This is a deck I turn to when I’m feeling sort of existential and need to connect with myself on a soul level. It’s now one I’d use for relationships with others or career questions. Instead, it’s one I’d pick up if I feel lost in the world or I’m trying to connect with myself again.
When I use this deck I do a one-card pull or a three-card spread. I’ve used it for larger spreads but find that this deck doesn’t hold up well in larger, more complex spreads as the card meanings are sort of fluffy.
How Does It Read?
I’ve spent at least a year working with this deck off and on to find how best to use it and when to pass it over for another option. Personally, this deck is incredibly woo-woo and you’re not going to enjoy it much if you want something more tactile. However, if you identify as a Starchild or you feel rather lost in the world then it’s an excellent deck. I think when it first came into my life this deck was perfect because I needed that sort of spacey vibe. Now, I find myself passing on it more often than not.
More About the Creators
Rebecca Campbell is the creator of this deck and a well-known figure in the metaphysical and divination spaces. She is a bestselling author based out of the United Kingdom. Before her journey to oracle decks, she was a creative director and I think that really shows with the brand she’s built for herself. She has three books: Light Is the New Black, Rise Sister Rise, and Letters to a Starseed. Her other oracle decks are The Rose Oracle and Work Your Light Oracle.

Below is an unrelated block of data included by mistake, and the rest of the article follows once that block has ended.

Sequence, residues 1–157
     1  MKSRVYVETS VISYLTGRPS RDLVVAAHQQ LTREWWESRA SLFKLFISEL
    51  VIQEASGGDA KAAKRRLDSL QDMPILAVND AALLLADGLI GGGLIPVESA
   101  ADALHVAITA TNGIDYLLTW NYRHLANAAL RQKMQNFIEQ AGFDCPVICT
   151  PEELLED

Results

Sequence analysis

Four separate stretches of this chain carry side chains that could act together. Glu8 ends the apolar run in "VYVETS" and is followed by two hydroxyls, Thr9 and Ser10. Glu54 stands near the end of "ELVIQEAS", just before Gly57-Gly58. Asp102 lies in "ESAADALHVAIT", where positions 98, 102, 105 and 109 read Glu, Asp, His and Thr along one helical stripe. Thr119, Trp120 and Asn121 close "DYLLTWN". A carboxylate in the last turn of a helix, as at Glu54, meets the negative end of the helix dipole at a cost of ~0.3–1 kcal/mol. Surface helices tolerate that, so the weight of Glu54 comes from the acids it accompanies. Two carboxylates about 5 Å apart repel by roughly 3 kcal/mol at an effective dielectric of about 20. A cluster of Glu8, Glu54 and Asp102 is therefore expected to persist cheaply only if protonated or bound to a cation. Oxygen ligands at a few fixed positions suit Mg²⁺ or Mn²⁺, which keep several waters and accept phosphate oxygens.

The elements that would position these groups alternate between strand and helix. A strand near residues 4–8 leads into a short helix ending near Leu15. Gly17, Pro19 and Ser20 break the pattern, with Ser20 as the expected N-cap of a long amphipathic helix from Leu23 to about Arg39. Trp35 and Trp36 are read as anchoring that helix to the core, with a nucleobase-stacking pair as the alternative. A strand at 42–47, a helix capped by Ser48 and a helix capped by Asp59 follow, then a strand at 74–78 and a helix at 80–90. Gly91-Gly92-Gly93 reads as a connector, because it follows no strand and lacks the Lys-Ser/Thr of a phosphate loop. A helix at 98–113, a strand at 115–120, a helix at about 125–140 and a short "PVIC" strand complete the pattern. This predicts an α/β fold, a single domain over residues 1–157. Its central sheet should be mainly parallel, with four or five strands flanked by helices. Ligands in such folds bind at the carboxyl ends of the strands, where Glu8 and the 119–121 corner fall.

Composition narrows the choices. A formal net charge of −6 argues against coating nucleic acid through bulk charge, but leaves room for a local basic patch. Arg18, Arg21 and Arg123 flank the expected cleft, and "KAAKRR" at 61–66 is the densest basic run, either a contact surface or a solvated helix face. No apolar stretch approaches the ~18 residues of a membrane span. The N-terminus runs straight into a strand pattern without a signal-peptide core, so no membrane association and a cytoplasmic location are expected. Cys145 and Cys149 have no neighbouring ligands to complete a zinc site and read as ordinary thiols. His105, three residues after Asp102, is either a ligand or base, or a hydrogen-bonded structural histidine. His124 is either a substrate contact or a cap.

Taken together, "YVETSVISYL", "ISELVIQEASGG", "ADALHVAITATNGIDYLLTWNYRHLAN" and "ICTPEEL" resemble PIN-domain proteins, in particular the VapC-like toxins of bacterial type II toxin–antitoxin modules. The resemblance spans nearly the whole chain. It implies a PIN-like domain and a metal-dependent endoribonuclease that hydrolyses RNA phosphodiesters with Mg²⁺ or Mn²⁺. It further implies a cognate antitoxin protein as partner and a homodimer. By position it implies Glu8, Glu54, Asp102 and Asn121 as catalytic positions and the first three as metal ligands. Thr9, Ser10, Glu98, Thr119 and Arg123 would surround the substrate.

Danielle Noel is the artist behind the deck. Her distinctive style can be seen across her various work. She creates oracle and tarot decks, journals, prints, and books. Her work includes The Book of Tarot: A Guide for Modern Mystics, A Yogic Path Oracle Deck, and The Moonchild Tarot among other works.
Similar Decks to The Starseed Oracle Deck
If you like The Starseed Oracle Deck, you’ll likely connect well with Gateway of Light Activation Oracle and Sacred Destiny Oracle. If you’re looking for a tarot companion for this deck, we recommend The Muse Tarot by Chris-Anne.
The Perfect Oracle Deck for the Starchild
If you consider yourself a Starchild or Starseed then this deck is an excellent fit. (Imagine that! It’s only right in the name itself.) The imagery and messages were written specifically with these individuals in mind and it really shows throughout the deck with cards called ‘Breath of the Cosmos’ and ‘Star Keeper’.
This is a gorgeous deck and I think the right person will be immediately attracted to its energy and aesthetics.